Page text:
As there were some incidents with drones in Switzerland in the last months and the general situation is quite uncovered, Swiss and European politicians are currently discussing about new restrictions and laws for drones in Switzerland. This would affect everybody that is interested in flying with a drone in Switzerland.
As for now, there is no official law that is confirmed, however, it looks like everybody will need to do a license – in order to fly with a drone in Switzerland. From what I read it is planned to be an online “knowledge” course so that everybody that wants to fly his drone (legally) has a proper knowledge about all laws and restrictions. Once I know more, I will keep you updated!
There are many great drones available – and it can sometimes be hard to choose the right one for your needs. Here are my personal recommendations:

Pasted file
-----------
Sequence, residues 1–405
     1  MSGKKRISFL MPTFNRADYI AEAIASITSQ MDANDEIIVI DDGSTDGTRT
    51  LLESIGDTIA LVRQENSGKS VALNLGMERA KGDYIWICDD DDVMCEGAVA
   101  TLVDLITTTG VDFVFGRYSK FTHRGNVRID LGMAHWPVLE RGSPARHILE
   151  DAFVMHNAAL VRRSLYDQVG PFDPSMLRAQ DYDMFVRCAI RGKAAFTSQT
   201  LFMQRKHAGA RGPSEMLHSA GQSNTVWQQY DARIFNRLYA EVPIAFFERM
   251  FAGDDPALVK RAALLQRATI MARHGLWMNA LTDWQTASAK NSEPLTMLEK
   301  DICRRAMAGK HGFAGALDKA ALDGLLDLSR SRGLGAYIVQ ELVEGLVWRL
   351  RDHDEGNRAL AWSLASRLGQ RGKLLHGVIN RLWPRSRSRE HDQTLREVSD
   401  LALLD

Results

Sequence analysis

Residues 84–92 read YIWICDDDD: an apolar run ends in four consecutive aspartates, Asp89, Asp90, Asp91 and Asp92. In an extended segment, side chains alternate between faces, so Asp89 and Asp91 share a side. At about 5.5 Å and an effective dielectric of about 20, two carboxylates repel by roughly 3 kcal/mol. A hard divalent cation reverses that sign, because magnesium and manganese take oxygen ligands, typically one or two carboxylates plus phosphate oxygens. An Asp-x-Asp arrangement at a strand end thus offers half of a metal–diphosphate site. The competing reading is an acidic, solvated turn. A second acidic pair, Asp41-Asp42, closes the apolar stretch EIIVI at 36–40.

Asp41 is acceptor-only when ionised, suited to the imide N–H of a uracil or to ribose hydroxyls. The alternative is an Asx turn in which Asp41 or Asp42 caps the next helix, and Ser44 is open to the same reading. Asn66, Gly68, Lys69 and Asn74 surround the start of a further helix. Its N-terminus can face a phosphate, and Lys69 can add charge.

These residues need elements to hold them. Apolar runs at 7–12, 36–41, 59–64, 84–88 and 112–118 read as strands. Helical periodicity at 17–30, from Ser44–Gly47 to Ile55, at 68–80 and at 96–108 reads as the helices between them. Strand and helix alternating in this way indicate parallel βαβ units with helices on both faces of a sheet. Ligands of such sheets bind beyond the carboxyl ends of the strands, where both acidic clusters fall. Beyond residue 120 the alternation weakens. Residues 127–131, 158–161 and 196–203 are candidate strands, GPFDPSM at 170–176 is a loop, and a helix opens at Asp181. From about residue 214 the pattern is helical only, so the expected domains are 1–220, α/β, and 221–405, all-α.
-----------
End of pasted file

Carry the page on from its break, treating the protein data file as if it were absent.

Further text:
DJI Mavic 2 Pro: Probably the best drone you can get for your money right now! It’s small, silent and creates incredible content in both images and videos. It will be the drone that I buy next!
DJI Phantom 4: Exceptional quality for a great price – however, it is a bit chunky and not the best option if you travel by plane.
DJI Mavic Air: Probably the best drone that is lighter than 0,5 kilograms, and therefore a great option for Switzerland. The quality is still good but compared to the two mentioned above a bit worse. If you are a hobby pilot, this is one of the best options though.
There are certainly dozens of other options, but I believe, that these are the best that you can get currently. I personally still use the DJi Mavic Pro (1) and I’m really happy with it, but will invest in the Mavic 2 Pro soon, as it is just a lot better and worth the money! If you want to know what equipment I am using, you can find it on my dedicated blog post.
If you have any insights or think we made a mistake – please comment down below or send us a message via the contact form. Please also note that this information is researched by me and in no mean an official platform.